Photo caption: The warden of the church had been looking after it for no less than 45 years. Prior to that he had sold fish and chips on Manley Beach, Australia. He couldn't wait to sneak out into the vestry to play his harmonica and show the children a little jig. You can never judge a book by its cover! (left); My birthday "cake" Greek style. The most honey-drenched baklava you can imagine alongside orange and honey-drenched polenta (?) cake. Luckily the kids didn't really like it so I had to have their portions too (right)

I have nonetheless managed two bouts of solo exercise even though this freedom came with a price to pay: yoga on the beach (I felt like a pretentious numpty doing it in the first place but even more so when the whole of the local Greek population stared me through the sequence) and a brisk walk to the nearby village in the dead of night (the only time I could squeeze this in was between 10.45 to 11.45pm). The positives on both occasions were serene, beautiful surroundings and in the latter case, nothing other than the moon and starlight to lead the way. It was pretty special.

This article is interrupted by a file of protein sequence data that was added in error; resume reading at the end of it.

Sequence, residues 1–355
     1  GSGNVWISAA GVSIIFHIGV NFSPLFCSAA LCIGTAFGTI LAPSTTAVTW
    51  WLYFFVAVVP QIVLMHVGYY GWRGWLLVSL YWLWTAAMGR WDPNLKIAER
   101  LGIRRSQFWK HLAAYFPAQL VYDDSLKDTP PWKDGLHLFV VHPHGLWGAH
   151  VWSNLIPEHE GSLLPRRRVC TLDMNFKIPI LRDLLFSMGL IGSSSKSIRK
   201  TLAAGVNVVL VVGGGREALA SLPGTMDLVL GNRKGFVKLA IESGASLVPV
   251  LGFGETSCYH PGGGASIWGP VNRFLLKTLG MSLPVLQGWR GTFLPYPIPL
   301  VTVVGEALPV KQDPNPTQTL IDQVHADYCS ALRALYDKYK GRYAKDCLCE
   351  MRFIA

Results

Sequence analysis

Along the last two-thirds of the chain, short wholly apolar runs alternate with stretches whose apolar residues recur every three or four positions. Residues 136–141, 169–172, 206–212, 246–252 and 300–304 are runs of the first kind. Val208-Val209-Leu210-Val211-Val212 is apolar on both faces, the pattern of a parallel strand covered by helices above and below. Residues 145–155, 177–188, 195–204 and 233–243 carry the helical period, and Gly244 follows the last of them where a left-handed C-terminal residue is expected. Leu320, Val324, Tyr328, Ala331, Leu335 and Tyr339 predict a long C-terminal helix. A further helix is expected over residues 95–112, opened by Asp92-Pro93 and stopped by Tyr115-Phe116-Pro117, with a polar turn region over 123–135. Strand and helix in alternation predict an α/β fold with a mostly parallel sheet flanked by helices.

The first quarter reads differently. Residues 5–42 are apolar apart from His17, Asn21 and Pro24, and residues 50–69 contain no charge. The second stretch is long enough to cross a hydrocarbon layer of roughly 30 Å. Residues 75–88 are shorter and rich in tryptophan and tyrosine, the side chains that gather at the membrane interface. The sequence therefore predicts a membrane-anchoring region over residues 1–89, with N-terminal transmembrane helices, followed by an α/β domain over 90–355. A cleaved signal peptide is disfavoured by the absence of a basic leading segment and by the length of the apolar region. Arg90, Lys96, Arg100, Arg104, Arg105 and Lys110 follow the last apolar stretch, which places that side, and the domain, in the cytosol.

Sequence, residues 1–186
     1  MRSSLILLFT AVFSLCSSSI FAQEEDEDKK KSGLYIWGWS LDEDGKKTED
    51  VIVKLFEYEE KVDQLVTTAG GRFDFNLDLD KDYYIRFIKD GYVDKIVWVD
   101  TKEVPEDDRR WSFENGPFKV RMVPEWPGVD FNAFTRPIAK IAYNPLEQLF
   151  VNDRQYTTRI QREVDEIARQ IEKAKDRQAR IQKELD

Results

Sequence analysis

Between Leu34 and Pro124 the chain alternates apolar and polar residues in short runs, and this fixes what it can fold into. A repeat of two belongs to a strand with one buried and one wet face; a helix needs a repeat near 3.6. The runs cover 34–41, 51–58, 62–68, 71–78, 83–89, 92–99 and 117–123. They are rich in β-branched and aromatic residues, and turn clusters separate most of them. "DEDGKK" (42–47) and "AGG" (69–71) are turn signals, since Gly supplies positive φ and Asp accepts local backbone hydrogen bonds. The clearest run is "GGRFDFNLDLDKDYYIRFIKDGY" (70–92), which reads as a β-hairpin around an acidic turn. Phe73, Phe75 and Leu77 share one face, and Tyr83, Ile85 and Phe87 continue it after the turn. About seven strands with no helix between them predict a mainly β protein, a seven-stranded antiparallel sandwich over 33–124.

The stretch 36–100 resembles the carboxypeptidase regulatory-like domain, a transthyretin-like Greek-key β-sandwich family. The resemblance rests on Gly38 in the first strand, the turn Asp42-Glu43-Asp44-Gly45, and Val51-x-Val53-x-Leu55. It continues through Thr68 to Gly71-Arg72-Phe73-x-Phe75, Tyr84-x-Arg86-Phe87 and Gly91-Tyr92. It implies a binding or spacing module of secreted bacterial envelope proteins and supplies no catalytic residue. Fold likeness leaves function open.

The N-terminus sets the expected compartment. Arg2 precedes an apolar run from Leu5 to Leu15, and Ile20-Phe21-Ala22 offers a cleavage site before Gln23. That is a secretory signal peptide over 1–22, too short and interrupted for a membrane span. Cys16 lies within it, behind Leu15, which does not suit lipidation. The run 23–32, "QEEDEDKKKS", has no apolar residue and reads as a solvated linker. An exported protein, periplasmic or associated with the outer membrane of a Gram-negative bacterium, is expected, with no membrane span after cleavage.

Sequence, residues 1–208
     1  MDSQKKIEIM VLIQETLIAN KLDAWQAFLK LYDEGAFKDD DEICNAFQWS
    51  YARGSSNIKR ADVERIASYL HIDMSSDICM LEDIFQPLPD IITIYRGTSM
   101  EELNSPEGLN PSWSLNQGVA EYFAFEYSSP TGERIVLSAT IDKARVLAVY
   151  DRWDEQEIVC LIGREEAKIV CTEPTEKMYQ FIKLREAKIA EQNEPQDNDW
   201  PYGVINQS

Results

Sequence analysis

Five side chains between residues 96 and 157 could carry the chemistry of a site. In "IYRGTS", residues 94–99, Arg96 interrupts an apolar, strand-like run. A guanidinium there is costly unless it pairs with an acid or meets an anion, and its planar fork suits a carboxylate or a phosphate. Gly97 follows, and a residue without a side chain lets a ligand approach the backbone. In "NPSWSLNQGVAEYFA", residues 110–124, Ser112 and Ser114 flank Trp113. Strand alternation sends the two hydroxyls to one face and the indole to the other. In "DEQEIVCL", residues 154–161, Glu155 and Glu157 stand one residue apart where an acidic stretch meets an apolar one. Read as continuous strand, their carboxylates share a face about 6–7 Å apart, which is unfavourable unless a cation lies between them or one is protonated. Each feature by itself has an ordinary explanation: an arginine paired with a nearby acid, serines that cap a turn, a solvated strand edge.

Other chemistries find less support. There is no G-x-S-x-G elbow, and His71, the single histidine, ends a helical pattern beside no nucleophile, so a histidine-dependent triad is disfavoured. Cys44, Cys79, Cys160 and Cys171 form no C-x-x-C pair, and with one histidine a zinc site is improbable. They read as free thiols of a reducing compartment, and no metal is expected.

Other travel perils to note so far have included a horrible, poisonous anemone sting for Xanthe which has metamorphosed over the last week from what resembled a large burn, to a criss cross of varicose vein-coloured lines and finally to an itchy host of slightly oozing, pitted scratches. I had no idea anemones were poisonous. Luckily at the time I had some Anthisan with me on the otherwise deserted beach which, I was later told by a pharmacist, made all the difference. We will now be avoiding all rocks with any form of sea vegetation on them just to be safe!


Photo caption: school lunch time entertainment Greek-style. Having popped to the park we heard whistles and shouting so I rushed the children down to the port to see the street "carnival". It turned out it was just the kids on their school lunch break. Hoards of them playing in the square surrounded by mothers sipping coffees in the cafes surrounding it. There were about 15 of these electric cars doing a loop round some trees. Irrisistable (left); on our walk into the port one evening we came across this 7 year old boy putting on a puppet show for passers-by. His grandfather in the room behind had proudly made it for him based on his favourite boytime activity. The "soundtrack" to the puppet show was blaring with granny and a friend sat on little wooden chairs showing encouragement. It was so lovely (right)